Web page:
And then, there's quite many smaller influences around how design is done, one is design as a methodology. Design at that point started to become a methodology and approach to problem solving rather than just being the thing you did when you designed a product or service. Whether it was for brand strategy, whether it was for transformational, organizational stuff... you could apply the design thinking methodologies. And I think the whole startup world – everybody wanted to be a startup – where design played a huge role in merging all of these things together: user centricity, prototyping, sprints, conceptualization, testing, minimum viable products... That was a very design led approach when you think about innovation, and innovation was all part of that.

But now, in regards to what I do now, it's now very much around sustainability. Design as a problem solving approach to sustainability in all its forms, not just environmental but social sustainability and also business sustainability design. It's a great approach to that size of problem that we are faced with in the next few decades.

In addition to his career as a designer and consultant, Anton Schubert also teaches

I remember when we worked, like, twelve years ago on a website I usually talked to a marketing department. But today we talk to C-level people about design. Clearly, it has changed over years how they perceive design in corporations. Has the impact of design changed and grew bigger?

It has, for sure. But I think it depends on what kind of company you're working with. There's a maturity curve. There are some companies that are design lead from day one. But there's still many companies, big corporate organizations who don't understand the value of design and don't know how to apply it in their business and often see design as a sort of aesthetic layer to products and services.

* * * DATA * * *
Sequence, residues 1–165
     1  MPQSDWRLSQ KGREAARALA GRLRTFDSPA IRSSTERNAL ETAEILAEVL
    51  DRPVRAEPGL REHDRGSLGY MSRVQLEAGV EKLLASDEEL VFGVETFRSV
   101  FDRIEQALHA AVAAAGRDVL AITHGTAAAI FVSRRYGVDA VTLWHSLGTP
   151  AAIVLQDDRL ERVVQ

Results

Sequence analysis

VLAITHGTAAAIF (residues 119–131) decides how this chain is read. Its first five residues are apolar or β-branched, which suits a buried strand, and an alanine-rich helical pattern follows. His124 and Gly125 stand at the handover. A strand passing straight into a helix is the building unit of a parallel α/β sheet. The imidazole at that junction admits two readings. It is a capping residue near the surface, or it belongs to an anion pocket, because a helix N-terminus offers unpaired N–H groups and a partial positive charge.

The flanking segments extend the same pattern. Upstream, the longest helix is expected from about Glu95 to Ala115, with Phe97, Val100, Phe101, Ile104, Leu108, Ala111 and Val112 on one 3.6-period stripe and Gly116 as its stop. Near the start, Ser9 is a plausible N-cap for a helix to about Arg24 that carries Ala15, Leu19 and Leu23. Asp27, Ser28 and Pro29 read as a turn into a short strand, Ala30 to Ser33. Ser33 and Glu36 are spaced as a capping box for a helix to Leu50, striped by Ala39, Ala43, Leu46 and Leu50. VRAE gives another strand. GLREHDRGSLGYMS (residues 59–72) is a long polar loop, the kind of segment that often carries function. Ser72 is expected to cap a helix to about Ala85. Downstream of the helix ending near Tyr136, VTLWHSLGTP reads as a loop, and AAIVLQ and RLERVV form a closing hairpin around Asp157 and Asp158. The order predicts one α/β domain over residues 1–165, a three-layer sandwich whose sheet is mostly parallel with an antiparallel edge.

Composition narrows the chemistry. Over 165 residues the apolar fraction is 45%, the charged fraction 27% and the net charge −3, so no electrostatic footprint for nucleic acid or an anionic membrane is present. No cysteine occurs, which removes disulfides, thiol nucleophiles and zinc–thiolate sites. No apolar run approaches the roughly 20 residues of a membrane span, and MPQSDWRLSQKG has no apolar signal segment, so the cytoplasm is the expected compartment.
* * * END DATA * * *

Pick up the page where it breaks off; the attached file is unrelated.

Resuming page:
It's a little bit more mature in the UK and maybe in some parts of the US, but I think it's a people thing. You meet some CEOs and C-level people who really get how to apply it in a business sense. You meet other C-level people who don't understand it. They're very traditional in the way they run their businesses.

But overall, yes, design is being considered a viable approach. It's also being compared to the old way of doing things. When you think about the McKinsey, Accenture and other management consultancies, design is an attractive alternative. It's a desirable approach that brings new things that those other approaches don't bring. And I think some businesses are really looking to do things differently.

When we enter some of the more conservative industries, it seems to me like: Okay, maybe this is just the way they operate and it works for them. Maybe design doesn't have room here. Do you think that the companies actually will evolve into more design-centric and user-centric?

My game plan is yes, they will. If you look at the challenges we have, there are three words I often talk about that designers bring to the table really nicely. They are inspiration, creativity and collaboration.